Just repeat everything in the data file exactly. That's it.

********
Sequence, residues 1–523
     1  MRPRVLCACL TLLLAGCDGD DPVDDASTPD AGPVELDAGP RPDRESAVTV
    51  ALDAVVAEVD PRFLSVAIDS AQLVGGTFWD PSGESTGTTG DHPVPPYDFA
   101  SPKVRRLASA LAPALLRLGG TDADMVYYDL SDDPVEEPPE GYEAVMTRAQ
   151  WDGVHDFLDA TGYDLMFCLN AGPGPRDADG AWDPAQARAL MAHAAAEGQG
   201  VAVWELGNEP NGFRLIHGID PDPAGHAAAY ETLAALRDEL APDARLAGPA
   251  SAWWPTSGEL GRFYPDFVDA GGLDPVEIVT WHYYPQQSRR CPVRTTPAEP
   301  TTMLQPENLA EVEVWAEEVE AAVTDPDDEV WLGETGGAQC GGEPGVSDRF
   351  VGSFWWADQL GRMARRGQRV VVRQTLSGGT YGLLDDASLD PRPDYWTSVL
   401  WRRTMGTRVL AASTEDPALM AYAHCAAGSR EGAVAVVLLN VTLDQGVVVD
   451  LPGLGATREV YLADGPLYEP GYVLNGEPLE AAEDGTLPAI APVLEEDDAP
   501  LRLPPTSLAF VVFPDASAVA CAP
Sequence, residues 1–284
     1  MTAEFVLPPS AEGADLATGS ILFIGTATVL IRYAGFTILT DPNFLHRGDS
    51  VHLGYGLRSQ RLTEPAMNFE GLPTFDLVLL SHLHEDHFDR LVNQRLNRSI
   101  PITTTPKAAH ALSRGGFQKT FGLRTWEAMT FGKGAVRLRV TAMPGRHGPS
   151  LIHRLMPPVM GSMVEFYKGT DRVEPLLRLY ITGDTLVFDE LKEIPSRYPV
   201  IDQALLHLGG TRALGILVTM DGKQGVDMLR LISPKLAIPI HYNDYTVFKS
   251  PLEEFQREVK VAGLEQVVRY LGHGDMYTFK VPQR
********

Sequence, residues 1–523
     1  MRPRVLCACL TLLLAGCDGD DPVDDASTPD AGPVELDAGP RPDRESAVTV
    51  ALDAVVAEVD PRFLSVAIDS AQLVGGTFWD PSGESTGTTG DHPVPPYDFA
   101  SPKVRRLASA LAPALLRLGG TDADMVYYDL SDDPVEEPPE GYEAVMTRAQ
   151  WDGVHDFLDA TGYDLMFCLN AGPGPRDADG AWDPAQARAL MAHAAAEGQG
   201  VAVWELGNEP NGFRLIHGID PDPAGHAAAY ETLAALRDEL APDARLAGPA
   251  SAWWPTSGEL GRFYPDFVDA GGLDPVEIVT WHYYPQQSRR CPVRTTPAEP
   301  TTMLQPENLA EVEVWAEEVE AAVTDPDDEV WLGETGGAQC GGEPGVSDRF
   351  VGSFWWADQL GRMARRGQRV VVRQTLSGGT YGLLDDASLD PRPDYWTSVL
   401  WRRTMGTRVL AASTEDPALM AYAHCAAGSR EGAVAVVLLN VTLDQGVVVD
   451  LPGLGATREV YLADGPLYEP GYVLNGEPLE AAEDGTLPAI APVLEEDDAP
   501  LRLPPTSLAF VVFPDASAVA CAP
Sequence, residues 1–284
     1  MTAEFVLPPS AEGADLATGS ILFIGTATVL IRYAGFTILT DPNFLHRGDS
    51  VHLGYGLRSQ RLTEPAMNFE GLPTFDLVLL SHLHEDHFDR LVNQRLNRSI
   101  PITTTPKAAH ALSRGGFQKT FGLRTWEAMT FGKGAVRLRV TAMPGRHGPS
   151  LIHRLMPPVM GSMVEFYKGT DRVEPLLRLY ITGDTLVFDE LKEIPSRYPV
   201  IDQALLHLGG TRALGILVTM DGKQGVDMLR LISPKLAIPI HYNDYTVFKS
   251  PLEEFQREVK VAGLEQVVRY LGHGDMYTFK VPQR